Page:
6. See, e.g., MICHELLE ALEXANDER, THE NEW JIM CROW 6-7 (2010) ("No other country in the world imprisons so many of its racial or ethnic minorities.... In Washington, D.C., ... it is estimated that three out of four young black men (and nearly all those in the poorest neighborhoods) can expect to serve time in prison."). Another collateral consequence of stops was highlighted in the recently settled case of Lino v. City of New York, No. 106579/10, 32 Misc.3d 1207(A), 2011 WL 2610501 (Sup.Ct.N.Y.Co. June 24, 2011), in which the NYPD agreed to purge personal information from its stop database. Plaintiffs — including named plaintiff Clive Lino — had alleged that the NYPD was using personal information from the stop database to conduct criminal investigations. See John Caher, NYPD Agrees to Purge Stop-Frisk Databank, N.Y. L.J., August 8, 2013.
7. See 4/11/13 Defendant['s] Memorandum of Law in Opposition to Plaintiffs' Requested Injunctive Relief ("Def. Inj. Mem.") at 17-18.
8. See, e.g., Tamer El-Ghobashy & Michael Howard Saul, New York Police Use of Stop-and-Frisk Drops: Plummet in Disputed Tactic Tracks Overall Decrease in Crime, Wall St. J., May 6, 2013 (noting that UF-250s fell 51% in the first three months of 2013 compared to 2012, while crime fell 2.7% and murders fell 30% through April 28 compared to 2012). I note, however, that the number of unrecorded stops may have increased over the same period as a result of misleading training at the NYPD's new stop and frisk refresher course at Rodman's Neck. See Liability Opinion at Part IV.C.5 (citing, inter alia, 4/25 Trial Transcript ("Tr.") at 5119-5124 (Shea)); Ligon v. City of New York, 925 F.Supp.2d 478, 537-38 (S.D.N.Y.2013).
9. 6/12/13 Statement of Interest of the United States ("DOJ Inj. Mem.") at 10. See id. at 10-11 (collecting sources).
10. Id. at 10. Even NYPD Commissioner Raymond Kelly has recognized that the misuse of stop and frisk can contribute to community mistrust. In 2000, he criticized "dubious stop-and-frisk tactics" instituted after his first period as Police Commissioner that had "sowed new seeds of community mistrust." Kevin Flynn, Ex-Police Head Criticizes Strategies, N.Y. Times, Apr. 5, 2000.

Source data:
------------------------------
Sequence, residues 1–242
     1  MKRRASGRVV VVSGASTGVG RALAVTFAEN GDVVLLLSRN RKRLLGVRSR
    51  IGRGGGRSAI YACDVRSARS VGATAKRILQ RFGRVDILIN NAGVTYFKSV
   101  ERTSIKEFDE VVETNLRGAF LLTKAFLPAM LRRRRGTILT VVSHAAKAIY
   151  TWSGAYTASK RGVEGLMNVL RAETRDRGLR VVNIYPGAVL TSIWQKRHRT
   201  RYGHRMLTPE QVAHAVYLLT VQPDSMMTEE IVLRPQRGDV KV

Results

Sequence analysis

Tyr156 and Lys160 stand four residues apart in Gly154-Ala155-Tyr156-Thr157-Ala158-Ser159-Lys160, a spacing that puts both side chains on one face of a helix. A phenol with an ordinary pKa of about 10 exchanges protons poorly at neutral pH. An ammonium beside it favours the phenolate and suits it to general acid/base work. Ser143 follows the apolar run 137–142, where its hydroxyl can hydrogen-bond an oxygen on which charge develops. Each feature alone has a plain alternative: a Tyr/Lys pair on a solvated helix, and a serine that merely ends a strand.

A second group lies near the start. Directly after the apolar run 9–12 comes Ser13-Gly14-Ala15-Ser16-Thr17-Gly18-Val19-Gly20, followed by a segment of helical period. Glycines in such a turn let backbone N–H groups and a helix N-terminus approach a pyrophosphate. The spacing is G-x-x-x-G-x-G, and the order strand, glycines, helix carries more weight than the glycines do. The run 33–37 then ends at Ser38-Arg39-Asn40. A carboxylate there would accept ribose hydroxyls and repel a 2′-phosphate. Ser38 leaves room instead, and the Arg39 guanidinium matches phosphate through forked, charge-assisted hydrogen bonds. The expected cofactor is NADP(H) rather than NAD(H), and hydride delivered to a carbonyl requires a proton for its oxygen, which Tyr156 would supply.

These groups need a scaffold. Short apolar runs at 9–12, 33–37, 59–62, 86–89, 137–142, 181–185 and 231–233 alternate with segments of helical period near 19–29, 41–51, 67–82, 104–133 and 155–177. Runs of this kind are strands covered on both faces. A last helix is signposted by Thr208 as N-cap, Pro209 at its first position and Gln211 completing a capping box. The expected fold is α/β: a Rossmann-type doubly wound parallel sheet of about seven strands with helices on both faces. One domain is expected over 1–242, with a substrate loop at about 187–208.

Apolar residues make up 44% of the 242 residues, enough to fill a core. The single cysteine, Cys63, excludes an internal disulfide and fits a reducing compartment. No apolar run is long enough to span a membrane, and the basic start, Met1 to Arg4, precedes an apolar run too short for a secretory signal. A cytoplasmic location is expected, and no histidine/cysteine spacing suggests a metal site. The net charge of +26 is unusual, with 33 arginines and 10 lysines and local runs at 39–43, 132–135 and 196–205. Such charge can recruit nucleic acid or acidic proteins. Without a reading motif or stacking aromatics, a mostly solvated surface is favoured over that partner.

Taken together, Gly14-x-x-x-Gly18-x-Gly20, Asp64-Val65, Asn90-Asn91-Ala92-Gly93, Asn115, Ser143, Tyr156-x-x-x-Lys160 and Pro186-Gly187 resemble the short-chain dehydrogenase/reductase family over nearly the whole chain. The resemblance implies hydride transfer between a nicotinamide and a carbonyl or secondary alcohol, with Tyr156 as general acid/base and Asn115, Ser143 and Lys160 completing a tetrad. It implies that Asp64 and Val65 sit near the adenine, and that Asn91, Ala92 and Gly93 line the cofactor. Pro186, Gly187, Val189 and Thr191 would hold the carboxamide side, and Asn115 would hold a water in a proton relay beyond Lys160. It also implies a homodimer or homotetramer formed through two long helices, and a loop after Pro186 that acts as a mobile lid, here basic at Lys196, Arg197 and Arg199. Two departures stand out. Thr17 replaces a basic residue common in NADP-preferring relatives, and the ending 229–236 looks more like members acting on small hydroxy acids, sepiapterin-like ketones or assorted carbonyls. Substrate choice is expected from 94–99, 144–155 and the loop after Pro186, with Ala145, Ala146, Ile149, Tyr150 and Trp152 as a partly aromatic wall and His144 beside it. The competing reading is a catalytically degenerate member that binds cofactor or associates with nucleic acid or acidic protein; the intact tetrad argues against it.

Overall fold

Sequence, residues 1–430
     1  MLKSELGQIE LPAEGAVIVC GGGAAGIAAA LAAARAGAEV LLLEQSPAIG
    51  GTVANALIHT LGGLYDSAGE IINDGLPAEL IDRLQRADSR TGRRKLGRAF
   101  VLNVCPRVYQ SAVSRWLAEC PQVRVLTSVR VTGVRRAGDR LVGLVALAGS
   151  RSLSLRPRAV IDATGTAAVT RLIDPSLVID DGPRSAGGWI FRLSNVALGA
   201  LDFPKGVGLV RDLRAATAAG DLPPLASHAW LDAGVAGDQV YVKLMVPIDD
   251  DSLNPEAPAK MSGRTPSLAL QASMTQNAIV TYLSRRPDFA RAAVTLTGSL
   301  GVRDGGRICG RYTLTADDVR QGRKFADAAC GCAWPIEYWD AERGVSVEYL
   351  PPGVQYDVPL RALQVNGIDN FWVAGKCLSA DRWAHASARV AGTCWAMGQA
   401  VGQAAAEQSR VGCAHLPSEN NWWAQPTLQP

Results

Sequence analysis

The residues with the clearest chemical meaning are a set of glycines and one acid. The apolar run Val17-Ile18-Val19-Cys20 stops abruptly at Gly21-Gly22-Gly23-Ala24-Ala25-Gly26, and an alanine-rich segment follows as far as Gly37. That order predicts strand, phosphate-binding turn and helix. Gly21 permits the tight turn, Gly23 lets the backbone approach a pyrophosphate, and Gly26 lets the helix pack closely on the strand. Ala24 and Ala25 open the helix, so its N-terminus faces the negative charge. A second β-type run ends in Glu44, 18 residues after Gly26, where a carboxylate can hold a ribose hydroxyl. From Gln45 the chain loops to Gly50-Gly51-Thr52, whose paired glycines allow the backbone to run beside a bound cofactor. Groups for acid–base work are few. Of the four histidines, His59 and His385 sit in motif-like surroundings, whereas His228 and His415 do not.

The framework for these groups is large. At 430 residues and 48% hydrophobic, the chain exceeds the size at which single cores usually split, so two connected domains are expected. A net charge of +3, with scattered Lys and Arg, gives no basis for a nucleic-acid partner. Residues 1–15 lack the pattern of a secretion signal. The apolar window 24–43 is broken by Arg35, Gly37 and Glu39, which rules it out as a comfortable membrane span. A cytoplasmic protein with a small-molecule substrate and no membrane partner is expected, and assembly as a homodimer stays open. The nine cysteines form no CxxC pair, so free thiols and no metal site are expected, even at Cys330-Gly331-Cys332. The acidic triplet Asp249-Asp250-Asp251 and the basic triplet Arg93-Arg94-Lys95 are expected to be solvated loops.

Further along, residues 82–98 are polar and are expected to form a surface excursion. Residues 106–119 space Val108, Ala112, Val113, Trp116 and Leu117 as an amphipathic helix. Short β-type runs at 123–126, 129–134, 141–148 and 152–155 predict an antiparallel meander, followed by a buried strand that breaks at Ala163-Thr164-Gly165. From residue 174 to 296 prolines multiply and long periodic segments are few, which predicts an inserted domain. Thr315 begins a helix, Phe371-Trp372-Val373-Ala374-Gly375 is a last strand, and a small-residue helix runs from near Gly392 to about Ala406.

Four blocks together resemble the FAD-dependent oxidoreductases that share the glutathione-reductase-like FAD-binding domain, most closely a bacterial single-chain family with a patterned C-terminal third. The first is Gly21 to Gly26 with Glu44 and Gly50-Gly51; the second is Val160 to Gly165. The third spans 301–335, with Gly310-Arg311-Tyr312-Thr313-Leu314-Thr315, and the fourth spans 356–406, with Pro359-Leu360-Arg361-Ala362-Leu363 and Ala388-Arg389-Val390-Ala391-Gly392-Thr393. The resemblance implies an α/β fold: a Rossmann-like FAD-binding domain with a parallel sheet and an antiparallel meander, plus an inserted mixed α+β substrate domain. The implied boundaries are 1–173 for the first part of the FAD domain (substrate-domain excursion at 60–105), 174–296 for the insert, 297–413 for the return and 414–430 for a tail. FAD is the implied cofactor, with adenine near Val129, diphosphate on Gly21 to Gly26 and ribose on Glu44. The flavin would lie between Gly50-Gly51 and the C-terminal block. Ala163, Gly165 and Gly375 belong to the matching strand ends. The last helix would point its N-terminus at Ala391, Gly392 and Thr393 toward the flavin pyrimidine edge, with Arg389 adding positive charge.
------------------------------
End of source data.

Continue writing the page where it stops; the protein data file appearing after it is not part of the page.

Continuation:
11. Cf. Ligon, 925 F.Supp.2d at 540-43.
12. Swann v. Charlotte-Mecklenburg Bd. of Ed., 402 U.S. 1, 15, 91 S.Ct. 1267, 28 L.Ed.2d 554 (1971). Accord Association of Surrogates, 966 F.2d at 79 ("[F]ederal courts have broad discretion in fashioning equitable remedies for... constitutional violations.").
13. City of New York v. Mickalis Pawn Shop, LLC, 645 F.3d 114, 144 (2d Cir.2011) (quoting Forschner Grp., Inc. v. Arrow Trading Co., 124 F.3d 402, 406 (2d Cir.1997)).
14. Association of Surrogates, 966 F.2d at 79.
15. DOJ Inj. Mem. at 7 (citing Brown v. Plata, ___ U.S. ___, 131 S.Ct. 1910, 179 L.Ed.2d 969 (2011); Brown v. Board of Educ., 349 U.S. 294, 75 S.Ct. 753, 99 L.Ed. 1083 (1955)). See also id. at 7 n. 3 (criticizing the City's citation of inapposite cases "for the proposition that federal courts should decline to enter injunctive relief that requires operational changes to a State's institutions").
16. Plata, 131 S.Ct. at 1928 (citing Cruz v. Beto, 405 U.S. 319, 321, 92 S.Ct. 1079, 31 L.Ed.2d 263 (1972) (per curiam)) (quotation marks omitted). Accord Todaro v. Ward, 565 F.2d 48, 53-54 (2d Cir.1977) ("`[A] policy of judicial restraint cannot encompass any failure to take cognizance of valid constitutional claims whether arising in a federal or state institution.'" (quoting Procunier v. Martinez, 416 U.S. 396, 405, 94 S.Ct. 1800, 40 L.Ed.2d 224 (1974))).
17. Allee v. Medrano, 416 U.S. 802, 815, 94 S.Ct. 2191, 40 L.Ed.2d 566 (1974). Accord DOJ Inj. Mem. at 8-9 (collecting cases and noting that pursuant to statutory authorities "the United States has itself sought and secured the implementation of remedial measures to reform police misconduct in dozens of law enforcement agencies," including measures that "directly address systemic deficiencies in the way officers conduct stops and searches").
18. See, e.g., Patrolmen's Benevolent Ass'n of City of New York, Inc. v. City of New York, No. 97 Civ. 7895(SAS), 2000 WL 1538608, at *3-4 (S.D.N.Y. Oct. 18, 2000) (declining to impose injunction on the NYPD where doing so would have been "an undue intrusion into a matter of state sovereignty").
19. See Def. Inj. Mem. at 1.
20. See 1/31 Tr. at 101; 1/28/13 Letter from Jonathan C. Moore et al., Counsel for Plaintiffs, to the Court (proposing collaborative procedure involving all the parties in Floyd, Ligon, and Davis, a court-appointed facilitator, and the views of major stakeholders). The City rejected this proposal. See 1/31 Tr. at 9-10.